Step 6. Use Results
This is where all the work to collect and interpret the findings pays off. It is an opportunity to build off of what is working, change what is not working as well as it could and announce successes. This step includes: preparing the products of the evaluation like recommendations and reports, sharing them with stakeholders and other audiences, and following up to promote maximum use.
The first task is to create recommendations based on the evaluation findings. When developing recommendations:
- Align recommendations with stakeholders’ and funders’ priorities when possible.
- Share draft recommendations with stakeholders and solicit feedback before finalizing the report.
- Target recommendations appropriately for each audience. For example, a local health department might be most interested in increased physical activity levels, while local law enforcement might be more interested in decreased traffic violations.
Using the example program’s goals and findings from Step 5, a sample of potential recommendations was developed.
Program Activity: Using a Frequent Walker Punch Card to encourage students to walk or bicycle to school.
Finding A: More students walking and bicycling and parents’ surveys show more positive attitudes toward the benefits and feasibility of these travel modes.
Recommendation: Continue use of the Frequent Walker Punch Card.
Finding B: More children are not walking or bicycling and parent surveys reveal some of the reasons.
Recommendation: Adjust activity to address barriers identified by the parents.
Program Activity: Conducting an education and enforcement campaign to decrease speeding in school zones.
Finding A: Speeds reduced, parents aware of campaign and feel safer.
Recommendation: Continue campaign and monitor to see if the effect is maintained.
Finding B: Speeds reduced, parents unaware of campaign and do not feel safer.
Recommendation: Keep the enforcement program in place, but modify the educational outreach.
Finding C: Speeds not reduced, parents unaware of campaign and do not feel safer. Each of these findings would lead to different conclusions and recommendations which will be discussed in the next step.
Recommendation: A different enforcement or education technique is needed as well as other changes.
Sharing Results and Recommendations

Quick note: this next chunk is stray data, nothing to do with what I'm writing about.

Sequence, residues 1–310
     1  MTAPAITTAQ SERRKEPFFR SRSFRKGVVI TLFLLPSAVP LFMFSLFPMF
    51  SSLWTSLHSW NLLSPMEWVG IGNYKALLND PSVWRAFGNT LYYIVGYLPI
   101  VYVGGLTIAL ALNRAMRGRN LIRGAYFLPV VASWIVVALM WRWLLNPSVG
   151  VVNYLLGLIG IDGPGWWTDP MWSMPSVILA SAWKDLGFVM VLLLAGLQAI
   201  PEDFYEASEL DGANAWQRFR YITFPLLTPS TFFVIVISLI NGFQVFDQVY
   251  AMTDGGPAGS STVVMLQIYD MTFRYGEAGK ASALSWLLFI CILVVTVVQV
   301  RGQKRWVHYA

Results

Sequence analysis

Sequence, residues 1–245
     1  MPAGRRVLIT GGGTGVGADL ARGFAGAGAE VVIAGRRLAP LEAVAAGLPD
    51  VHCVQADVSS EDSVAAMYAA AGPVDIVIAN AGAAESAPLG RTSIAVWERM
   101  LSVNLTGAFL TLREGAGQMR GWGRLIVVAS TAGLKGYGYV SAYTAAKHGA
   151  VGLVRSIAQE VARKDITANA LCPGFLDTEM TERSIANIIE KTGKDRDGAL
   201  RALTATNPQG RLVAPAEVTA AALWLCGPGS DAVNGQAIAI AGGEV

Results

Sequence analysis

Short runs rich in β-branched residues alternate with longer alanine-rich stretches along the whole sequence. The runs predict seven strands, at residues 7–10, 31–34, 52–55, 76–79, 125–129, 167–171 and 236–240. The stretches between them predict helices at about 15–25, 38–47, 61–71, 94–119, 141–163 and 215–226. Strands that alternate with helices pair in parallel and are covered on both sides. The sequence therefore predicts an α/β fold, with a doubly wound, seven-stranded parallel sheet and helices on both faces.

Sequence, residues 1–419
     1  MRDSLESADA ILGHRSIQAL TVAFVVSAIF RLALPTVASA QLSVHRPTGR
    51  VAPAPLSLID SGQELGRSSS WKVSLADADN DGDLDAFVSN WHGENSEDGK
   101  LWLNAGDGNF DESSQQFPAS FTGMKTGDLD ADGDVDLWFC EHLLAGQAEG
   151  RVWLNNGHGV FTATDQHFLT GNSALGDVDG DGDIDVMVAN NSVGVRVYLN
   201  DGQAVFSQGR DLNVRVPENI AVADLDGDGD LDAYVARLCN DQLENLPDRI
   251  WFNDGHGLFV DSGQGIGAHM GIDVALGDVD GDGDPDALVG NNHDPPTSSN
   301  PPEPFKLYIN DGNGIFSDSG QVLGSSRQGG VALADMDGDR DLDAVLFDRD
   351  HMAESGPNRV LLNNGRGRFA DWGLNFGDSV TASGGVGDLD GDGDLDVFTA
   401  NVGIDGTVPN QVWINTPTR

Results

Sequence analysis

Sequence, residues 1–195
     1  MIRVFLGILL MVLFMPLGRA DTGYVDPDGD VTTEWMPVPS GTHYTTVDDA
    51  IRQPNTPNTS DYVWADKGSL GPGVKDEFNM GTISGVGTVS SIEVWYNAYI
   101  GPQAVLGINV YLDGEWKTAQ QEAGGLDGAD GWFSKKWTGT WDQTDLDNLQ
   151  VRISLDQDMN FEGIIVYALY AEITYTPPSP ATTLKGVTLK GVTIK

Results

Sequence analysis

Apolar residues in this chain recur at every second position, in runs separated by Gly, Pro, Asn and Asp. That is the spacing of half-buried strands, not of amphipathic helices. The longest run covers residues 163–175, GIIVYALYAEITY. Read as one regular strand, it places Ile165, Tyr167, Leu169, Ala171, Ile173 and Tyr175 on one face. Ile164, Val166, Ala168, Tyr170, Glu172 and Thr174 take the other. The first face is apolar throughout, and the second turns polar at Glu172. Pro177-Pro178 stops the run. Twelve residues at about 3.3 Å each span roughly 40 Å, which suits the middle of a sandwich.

There are several reasons to share results, including:
- Providing positive reinforcement for everyone involved, including children, families, stakeholders and funders.
- Offering a newsworthy “hook” that can result in media coverage of the program.
- Providing a way to share lessons learned.
- Communicating next steps and additional needs, thus moving the program forward.
Channels for information sharing include:
- School or community newsletters and Web sites
- Stories in the local media (see Working with the Media for tips on getting media coverage, or for more in-depth information, see the Media and Visibility chapter)
- Reports to the local decision-makers and political leaders in the community
- Meeting or conference presentations
Below shows how the school organized how they would share their program results according to the audience.
Safe Routes to School Program Evaluation Plan
School: High Hopes Elementary School
6. Plan for Using Results
|Individual or Organization with Whom to Share Results||Format in which the Results will be Shared||Channel by which the Results will be Shared||Which Results or Recommendations will be Shared|
|Community officials||Report||Town Council meeting||
|Students||Presentation||School assembly and classrooms||
|Local business contributors||Presentation||Chamber of Commerce meeting||
|Funders||Presentation/Report||News conference with funders present||
The primary purpose of sharing evaluation findings is for local program partners to know what is working and what changes to make to improve the program and to celebrate successes. Local evaluation results can have other benefits. Documented successes are needed as communities struggle to identify the best approaches for improving walking and bicycling to school. Local program leaders cite case studies as one of the most helpful types of information. Schools with programs or strategies that are evaluated to be successful are encouraged to share their results with the National Center for Safe Routes to School so that these programs can be shared with the rest of country.